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A horrifying video posted on Chinese video platform iQiyi shows circus trainers brutally binding a tiger to a metal table – all for the sake of selfie photographs. The animal is believed to be an endangered Siberian tiger, and it was cruelly lashed down so that children and adults could sit on its back for photos. https://www.youtube.com/watch?v=M4SDV_Xi3To The video’s description says the circus was performing in the Hunan province, and that the tiger was strapped down “to be safe for everyone to take pictures – but the expression of the tiger is very desperate.” When the tiger was finally freed, it bounded up and dashed away from the table. Related: Tigers punched for fun at horrifying “sanctuaries” in China Mashable reports that in China the God of Wealth is often portrayed sitting on tigers, and the act is associated with the deity. In the video a small child can be heard saying (as translated by Mashable), “I’m scared, I’m scared,” and one trainer responded, “Isn’t it cool to sit on a tiger? It can keep you away from the devil and earn you promotions and wealth.” Many commenters condemned the actions of the trainers and the parents who gleefully allowed their children to sit on the poor tiger. One iQiyi user said, “What kind of values are these parents teaching their children?” Another user wrote, “You can’t earn much from this, and instead you’ve brought so much pain to the animal, do you think it’s worth it?” Siberian tigers, also called Amur tigers, are found in the Russian Far East, China’s border areas, and possibly in North Korea, according to the World Wildlife Fund . There are only up to 540 of the endangered tigers left in the world. Via Mashable Images via screenshot

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Meet Cig, the sea turtle made of over 1,000 cigarette butts strewn on a Florida beach

January 10, 2017 by  
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Cig is a sea turtle that looks rather cute until you take a closer look to see what he’s actually made of—1,200 repulsive cigarette butts . The striking trash-inspired sculpture is the work of Shelly Marshall, a self-taught artist and founder of SHELLart , who uses art to spread the message about the threats facing marine life and ecosystems. Together with Ocean Hour volunteers, she spent less than an hour collecting over a thousand cigarette butts strewn across Florida’s Pensacola Beach and rearranged the tiny bits of trash to create Cig the sea turtle and bring awareness to the impact of littering. Although litter control laws and public service announcements on recycling have made big impacts on the way society deals with trash, the same can’t really be said about cigarette butts. Ocean Hour, the Pensacola-based marine debris committee that stages local cleanups at the beach every Saturday, found that cigarette butts were always one of the top three local pollutants year after year. Thus, Shelly was inspired to make an art piece that would communicate the anti-litter message in a more eye-catching way. “I wanted to create something eye-catching that was both interesting and repulsive at the same time,” said Shelly to Inhabitat. “Cig the sea turtle shows the harmful effect cigarette butts have on marine life that most of us don’t get the chance to see. Those little tiny pieces of trash add up and many butts contain microplastics that interrupt the ecosystem. Most people don’t know that it can contain up to ten years for one tiny butt to decompose. We hope that Cig will spread this message and will encourage people to pick up cigarette butts and even more people to not throw them down!” Related: Artist turns urban trash into amazing animal murals Cig the sea turtle was made from a lightweight cardboard base and covered with roughly 1,200 cigarette butts attached using clear glue. The glue, Shelly adds, helped to cover up some of the smell from the trash. The artist is working with Ocean Hour to collect different kinds of trash in hopes of creating a series of marine sculptures made from commonly found debris. Her next artwork will be a bottlenose dolphin constructed of reclaimed plastic bottles . Cig will be on display at the Navarre Beach Sea Turtle Center for the month of February. + SHELLart Images via SHELLart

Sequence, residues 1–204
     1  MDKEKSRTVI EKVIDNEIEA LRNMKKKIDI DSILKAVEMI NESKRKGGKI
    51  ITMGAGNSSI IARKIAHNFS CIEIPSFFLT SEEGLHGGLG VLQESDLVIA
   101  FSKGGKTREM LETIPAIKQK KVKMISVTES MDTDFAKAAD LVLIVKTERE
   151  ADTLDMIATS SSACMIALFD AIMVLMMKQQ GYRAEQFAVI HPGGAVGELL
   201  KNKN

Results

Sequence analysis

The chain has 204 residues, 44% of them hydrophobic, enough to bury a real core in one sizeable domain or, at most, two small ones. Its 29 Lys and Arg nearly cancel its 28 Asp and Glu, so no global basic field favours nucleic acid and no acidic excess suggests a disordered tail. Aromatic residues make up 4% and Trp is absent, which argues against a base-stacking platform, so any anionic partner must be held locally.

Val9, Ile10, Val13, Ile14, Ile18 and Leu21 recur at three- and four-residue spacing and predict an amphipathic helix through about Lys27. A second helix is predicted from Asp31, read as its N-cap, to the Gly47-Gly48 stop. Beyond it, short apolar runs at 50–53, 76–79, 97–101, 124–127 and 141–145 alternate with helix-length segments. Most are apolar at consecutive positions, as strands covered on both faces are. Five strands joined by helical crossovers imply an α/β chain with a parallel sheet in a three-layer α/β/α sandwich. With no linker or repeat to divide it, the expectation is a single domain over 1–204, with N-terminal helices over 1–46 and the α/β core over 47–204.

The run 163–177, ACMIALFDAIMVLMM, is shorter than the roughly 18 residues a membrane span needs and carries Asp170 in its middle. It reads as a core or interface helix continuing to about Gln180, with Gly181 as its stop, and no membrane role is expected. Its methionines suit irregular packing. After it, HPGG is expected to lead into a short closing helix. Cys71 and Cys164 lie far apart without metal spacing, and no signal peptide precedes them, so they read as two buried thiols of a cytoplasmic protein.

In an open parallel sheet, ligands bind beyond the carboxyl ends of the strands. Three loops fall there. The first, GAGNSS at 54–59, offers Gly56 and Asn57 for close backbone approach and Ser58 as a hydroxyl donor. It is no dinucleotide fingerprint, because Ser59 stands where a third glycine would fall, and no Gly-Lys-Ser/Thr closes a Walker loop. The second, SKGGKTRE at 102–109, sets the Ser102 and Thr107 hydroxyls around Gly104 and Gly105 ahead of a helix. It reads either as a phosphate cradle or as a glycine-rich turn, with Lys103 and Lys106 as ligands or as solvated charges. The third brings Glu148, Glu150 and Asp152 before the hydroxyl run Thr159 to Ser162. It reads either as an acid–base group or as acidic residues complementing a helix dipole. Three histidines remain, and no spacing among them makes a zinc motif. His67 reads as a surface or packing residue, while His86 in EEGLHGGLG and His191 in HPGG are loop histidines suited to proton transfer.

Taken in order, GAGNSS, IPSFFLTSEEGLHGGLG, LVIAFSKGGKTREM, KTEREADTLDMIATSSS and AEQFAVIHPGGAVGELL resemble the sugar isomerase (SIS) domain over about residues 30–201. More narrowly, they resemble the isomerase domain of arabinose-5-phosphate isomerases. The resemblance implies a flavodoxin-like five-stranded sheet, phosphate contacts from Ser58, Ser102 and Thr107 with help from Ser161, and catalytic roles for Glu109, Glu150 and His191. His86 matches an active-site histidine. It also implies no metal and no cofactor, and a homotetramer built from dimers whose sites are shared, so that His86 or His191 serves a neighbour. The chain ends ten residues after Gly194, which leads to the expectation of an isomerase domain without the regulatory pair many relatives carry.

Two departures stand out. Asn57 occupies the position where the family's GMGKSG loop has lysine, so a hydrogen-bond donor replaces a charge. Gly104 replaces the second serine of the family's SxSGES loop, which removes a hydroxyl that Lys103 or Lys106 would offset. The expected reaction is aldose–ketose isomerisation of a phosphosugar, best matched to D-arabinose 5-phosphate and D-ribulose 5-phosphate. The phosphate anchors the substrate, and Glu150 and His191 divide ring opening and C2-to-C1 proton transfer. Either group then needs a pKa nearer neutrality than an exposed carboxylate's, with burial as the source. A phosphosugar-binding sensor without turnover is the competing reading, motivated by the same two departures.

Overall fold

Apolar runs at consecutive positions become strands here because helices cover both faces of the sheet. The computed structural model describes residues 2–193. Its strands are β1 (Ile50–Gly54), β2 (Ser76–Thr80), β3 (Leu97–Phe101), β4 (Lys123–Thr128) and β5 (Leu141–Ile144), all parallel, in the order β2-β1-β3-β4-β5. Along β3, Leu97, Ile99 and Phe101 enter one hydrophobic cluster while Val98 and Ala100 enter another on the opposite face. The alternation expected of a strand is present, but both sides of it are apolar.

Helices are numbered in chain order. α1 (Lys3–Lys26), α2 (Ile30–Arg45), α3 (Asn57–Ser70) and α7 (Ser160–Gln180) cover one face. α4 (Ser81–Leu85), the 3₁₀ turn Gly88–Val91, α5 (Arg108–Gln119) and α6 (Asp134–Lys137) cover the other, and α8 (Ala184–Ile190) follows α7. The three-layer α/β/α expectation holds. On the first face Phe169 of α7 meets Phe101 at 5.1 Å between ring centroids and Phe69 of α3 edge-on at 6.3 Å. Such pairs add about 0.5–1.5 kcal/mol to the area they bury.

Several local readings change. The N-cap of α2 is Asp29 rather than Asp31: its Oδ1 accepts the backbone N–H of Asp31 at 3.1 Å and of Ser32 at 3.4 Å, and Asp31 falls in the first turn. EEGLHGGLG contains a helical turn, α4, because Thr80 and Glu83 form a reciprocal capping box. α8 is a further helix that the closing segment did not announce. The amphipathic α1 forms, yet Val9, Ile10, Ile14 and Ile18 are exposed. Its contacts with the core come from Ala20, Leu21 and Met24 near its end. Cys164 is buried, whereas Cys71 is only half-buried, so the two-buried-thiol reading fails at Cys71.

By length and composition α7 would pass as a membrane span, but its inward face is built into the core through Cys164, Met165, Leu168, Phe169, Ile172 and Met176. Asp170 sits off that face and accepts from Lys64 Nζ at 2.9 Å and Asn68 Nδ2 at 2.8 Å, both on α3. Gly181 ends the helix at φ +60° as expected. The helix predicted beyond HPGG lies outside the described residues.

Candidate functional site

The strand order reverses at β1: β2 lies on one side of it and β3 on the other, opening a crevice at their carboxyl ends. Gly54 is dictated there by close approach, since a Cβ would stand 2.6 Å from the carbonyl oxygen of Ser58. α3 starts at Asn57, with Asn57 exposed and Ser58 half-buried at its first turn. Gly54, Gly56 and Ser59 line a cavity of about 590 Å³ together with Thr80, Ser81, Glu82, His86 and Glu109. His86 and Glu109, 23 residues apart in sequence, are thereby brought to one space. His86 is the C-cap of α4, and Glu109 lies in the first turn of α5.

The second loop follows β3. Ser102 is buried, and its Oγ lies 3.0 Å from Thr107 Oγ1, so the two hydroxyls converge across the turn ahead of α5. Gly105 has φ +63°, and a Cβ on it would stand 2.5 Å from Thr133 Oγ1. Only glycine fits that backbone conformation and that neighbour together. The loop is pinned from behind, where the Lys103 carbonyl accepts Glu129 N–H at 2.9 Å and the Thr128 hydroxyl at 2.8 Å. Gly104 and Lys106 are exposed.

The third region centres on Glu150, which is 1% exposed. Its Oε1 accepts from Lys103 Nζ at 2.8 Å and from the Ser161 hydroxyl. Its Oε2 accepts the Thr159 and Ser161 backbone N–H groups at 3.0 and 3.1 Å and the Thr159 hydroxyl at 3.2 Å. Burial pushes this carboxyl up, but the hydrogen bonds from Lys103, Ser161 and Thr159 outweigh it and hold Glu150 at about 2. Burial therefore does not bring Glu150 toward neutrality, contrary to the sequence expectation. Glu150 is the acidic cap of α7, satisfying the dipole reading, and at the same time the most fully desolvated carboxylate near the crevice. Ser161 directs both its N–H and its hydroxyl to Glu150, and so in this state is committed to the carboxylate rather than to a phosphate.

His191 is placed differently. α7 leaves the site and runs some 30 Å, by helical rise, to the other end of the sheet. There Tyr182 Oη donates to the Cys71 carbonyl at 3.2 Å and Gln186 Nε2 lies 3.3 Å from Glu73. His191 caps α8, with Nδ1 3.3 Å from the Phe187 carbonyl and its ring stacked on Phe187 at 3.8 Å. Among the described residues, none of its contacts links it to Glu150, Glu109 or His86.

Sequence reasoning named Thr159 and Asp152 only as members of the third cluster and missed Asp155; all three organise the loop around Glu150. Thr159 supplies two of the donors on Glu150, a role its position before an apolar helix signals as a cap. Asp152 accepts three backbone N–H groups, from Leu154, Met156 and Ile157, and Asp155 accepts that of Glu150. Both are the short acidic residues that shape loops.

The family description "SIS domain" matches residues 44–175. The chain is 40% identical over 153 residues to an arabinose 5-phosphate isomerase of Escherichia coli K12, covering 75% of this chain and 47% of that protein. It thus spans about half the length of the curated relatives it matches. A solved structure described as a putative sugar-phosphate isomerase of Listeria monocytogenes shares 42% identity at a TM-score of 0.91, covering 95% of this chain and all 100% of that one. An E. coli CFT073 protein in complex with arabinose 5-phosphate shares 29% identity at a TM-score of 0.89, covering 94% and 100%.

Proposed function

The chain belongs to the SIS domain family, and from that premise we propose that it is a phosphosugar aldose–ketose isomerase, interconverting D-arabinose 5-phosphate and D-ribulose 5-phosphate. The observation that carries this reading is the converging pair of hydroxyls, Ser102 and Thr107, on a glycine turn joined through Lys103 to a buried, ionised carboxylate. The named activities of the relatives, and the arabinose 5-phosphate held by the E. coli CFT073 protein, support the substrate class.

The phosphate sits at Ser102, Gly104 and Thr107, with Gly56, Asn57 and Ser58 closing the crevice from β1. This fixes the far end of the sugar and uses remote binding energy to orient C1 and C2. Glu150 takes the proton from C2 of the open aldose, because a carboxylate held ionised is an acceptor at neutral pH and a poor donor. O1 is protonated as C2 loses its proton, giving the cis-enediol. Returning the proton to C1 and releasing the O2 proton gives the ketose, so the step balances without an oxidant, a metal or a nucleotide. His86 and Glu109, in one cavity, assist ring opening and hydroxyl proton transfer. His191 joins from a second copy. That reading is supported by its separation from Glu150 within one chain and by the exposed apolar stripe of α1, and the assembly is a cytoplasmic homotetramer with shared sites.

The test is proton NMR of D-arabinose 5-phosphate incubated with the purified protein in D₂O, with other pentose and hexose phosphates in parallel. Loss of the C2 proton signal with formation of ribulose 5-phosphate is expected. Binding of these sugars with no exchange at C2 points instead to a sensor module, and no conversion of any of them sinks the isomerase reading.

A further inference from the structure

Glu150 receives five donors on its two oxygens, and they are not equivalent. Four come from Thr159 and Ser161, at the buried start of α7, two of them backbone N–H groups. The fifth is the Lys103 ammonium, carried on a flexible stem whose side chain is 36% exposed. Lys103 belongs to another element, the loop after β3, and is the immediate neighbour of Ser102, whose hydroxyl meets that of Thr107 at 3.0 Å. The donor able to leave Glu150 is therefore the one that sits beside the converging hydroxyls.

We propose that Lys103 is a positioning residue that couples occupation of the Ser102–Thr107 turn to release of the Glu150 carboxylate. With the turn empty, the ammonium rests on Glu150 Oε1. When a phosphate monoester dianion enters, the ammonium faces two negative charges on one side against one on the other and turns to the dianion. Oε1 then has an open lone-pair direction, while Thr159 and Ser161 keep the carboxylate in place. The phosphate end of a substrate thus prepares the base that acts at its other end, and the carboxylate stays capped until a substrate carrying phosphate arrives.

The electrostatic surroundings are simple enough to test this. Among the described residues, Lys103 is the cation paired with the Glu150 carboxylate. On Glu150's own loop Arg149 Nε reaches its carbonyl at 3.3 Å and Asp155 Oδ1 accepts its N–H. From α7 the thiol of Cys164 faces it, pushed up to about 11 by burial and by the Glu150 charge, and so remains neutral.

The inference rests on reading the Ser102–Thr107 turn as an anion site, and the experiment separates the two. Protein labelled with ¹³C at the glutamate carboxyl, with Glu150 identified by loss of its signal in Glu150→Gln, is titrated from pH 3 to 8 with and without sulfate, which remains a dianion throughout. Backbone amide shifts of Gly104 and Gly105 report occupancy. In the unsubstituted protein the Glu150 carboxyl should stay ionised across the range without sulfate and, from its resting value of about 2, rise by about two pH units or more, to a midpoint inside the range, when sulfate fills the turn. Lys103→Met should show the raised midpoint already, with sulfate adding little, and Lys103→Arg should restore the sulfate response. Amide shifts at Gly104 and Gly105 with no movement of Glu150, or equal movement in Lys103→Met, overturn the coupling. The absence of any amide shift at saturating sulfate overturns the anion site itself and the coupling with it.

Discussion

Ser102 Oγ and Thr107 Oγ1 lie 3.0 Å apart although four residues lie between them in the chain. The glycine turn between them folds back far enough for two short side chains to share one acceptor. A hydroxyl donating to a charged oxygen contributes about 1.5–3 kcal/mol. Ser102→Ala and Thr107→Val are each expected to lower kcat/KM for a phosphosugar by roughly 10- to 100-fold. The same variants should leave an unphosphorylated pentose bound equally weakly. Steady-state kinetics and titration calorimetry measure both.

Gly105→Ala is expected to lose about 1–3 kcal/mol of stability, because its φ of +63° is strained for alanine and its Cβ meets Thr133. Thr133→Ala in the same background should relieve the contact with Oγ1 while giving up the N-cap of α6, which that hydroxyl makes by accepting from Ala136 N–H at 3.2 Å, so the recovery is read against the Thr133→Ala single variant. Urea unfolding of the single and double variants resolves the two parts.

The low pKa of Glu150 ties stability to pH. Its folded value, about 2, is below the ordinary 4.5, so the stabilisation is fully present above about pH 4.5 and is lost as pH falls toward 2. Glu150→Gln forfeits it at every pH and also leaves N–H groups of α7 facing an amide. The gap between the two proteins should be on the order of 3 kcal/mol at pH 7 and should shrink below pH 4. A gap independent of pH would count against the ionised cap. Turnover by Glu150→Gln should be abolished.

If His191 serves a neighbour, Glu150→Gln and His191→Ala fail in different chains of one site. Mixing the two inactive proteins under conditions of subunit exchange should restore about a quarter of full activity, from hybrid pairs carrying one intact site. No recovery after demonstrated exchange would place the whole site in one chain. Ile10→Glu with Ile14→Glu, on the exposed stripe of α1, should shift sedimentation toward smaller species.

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Meet Cig, the sea turtle made of over 1,000 cigarette butts strewn on a Florida beach

Haunting Human Gyre made of over 200 underwater figures warns of climate change

January 10, 2017 by